Downsizing: The Devil You Know

Downsizing: The Devil You Know

by Joan Blumenthal, MS LPC

For many of my clients and my older friends, too, selling their houses and moving to smaller quarters is a major trauma.

They worry about how much money they will realize from the sale of their houses.  Even if there is a huge gain over the price they paid 40 or 50 years ago, it certainly will be worth less than it would have been before the housing bubble burst, and naturally that rankles.

They are reluctant to leave the communities they know so well.  Even if all their friends have left or passed on, they recall belonging to a warm and supportive environment, and for many the idea of living near their children does not outweigh that loss of fraternity.

They dread — indeed, are totally overwhelmed by — the prospect of sorting through decades of accumulated treasures in attics, basements and closets.  They’re paralyzed by having to make countless decisions about what to take, what to leave, what to give away and to whom.

They would rather stay right where they are no matter what.  No matter that the roof needs replacement, no matter that the yard costs a king’s ransom to maintain, no matter that driving is problematic and stairs are daunting.  And no matter how many times their children express concern for their increasingly frail health.

Clearly for these people, the devil they know is better than the one they don’t, and their move is filled with turmoil and stress.  This is a common reaction to the thought of making such a big move late in life.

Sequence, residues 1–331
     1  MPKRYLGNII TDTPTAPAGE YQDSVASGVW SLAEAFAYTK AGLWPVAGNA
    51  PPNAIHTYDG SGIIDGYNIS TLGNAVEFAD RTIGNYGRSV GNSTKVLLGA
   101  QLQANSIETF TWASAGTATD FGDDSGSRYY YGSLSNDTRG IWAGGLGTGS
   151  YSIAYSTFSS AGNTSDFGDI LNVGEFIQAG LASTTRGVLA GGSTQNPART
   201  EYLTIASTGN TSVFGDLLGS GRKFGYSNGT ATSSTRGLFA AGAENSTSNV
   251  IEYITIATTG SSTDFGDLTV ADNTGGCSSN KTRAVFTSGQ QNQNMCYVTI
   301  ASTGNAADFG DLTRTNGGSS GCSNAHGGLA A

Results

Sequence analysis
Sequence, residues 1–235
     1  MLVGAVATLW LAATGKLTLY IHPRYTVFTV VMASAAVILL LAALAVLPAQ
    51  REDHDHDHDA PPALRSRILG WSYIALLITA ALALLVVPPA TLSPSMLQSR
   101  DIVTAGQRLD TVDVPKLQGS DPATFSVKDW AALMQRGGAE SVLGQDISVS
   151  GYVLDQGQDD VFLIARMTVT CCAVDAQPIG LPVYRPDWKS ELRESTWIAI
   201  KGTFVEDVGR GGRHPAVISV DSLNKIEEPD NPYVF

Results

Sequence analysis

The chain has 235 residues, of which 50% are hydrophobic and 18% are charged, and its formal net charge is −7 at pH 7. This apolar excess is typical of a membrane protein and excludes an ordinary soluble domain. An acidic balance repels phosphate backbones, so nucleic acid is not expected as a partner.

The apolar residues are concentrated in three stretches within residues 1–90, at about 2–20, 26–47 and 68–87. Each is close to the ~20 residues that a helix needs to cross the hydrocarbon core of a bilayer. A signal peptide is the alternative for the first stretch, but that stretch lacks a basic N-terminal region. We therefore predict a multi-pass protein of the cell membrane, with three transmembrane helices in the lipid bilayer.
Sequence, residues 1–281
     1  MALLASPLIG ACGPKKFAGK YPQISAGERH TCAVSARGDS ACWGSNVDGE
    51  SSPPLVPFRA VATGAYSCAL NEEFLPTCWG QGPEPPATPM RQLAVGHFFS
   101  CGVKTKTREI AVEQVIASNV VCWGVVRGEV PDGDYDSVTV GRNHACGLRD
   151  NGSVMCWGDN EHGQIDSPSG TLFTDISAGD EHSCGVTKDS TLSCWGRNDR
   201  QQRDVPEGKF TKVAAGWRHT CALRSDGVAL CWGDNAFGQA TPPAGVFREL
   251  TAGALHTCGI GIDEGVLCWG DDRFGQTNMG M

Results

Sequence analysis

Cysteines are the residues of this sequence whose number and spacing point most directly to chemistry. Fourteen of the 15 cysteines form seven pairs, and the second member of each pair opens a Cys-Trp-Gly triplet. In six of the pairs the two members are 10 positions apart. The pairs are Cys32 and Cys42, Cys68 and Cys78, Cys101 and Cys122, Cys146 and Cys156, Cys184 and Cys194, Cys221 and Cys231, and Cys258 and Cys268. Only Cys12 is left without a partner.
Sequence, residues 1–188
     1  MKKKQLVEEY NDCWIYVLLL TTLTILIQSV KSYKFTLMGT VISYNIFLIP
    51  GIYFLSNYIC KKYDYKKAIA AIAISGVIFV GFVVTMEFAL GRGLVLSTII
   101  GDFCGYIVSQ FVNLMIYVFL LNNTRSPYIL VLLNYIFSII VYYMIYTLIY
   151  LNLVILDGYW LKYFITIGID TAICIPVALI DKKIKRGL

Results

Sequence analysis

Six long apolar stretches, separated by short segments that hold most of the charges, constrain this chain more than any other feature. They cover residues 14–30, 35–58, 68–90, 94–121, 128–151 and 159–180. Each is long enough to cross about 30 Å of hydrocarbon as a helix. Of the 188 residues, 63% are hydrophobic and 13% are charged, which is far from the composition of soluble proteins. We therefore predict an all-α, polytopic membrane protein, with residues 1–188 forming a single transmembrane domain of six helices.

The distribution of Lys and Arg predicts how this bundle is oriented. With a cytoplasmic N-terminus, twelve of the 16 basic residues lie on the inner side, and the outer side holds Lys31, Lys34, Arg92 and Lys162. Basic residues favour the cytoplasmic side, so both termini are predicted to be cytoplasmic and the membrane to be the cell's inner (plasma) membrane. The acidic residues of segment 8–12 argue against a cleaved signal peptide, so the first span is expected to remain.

Here is a list of seven positive steps to alleviate some of the stress and make the move as smooth as possible:

  1. Find a real estate agent who is sensitive to the impact that moving has on older adults, one who will allow sufficient time for planning and working through the process.
  2. Consider selling the house “as is” to avoid the additional upheaval of renovating, repairing and revitalizing it.
  3. Identify those items that have the most meaning and, if space permits, be sure to take those things along.
  4. Focus attention on the positives inherent in the move:  personal services, amenities, activities and community.
  5. Rent storage space to hold the things that won’t fit in the new setting but are too important to part with. This way, the items can be dealt with at a later date when other concerns are settled.
  6. Hire a Senior Move Manager.  These professionals manage the move from beginning to end:  they pack and unpack; they distribute items to family members; they arrange for movers, dumpsters, etc.  They leave the old house broom clean and make the new home ready for occupancy, with furniture in place, dishes in the cupboards, clothes in the closet, and the bed made for the very first night!
  7. If you are helping an elder with a move, be sure to involve them in the decision-making as much as possible, but reduce choices whenever possible to avoid confusion.  For example, recommend one well-vetted realtor or lawyer, rather than three or four.

Pearl of wisdom:  Most elders adjust to their new environment within a few weeks or months.  Often they are so pleased with the new ease of living in an apartment or assisted-living facility that they wonder why they didn’t make the move sooner!  To locate a Senior Move Manager near you, visit www.nasmm.org.

Joan Blumenfeld, MS, LPC is a Geriatric Care manager practicing in Fairfield County, Connecticut. For information visit joanblumenfeld.com. © Joan Blumenfeld 2011



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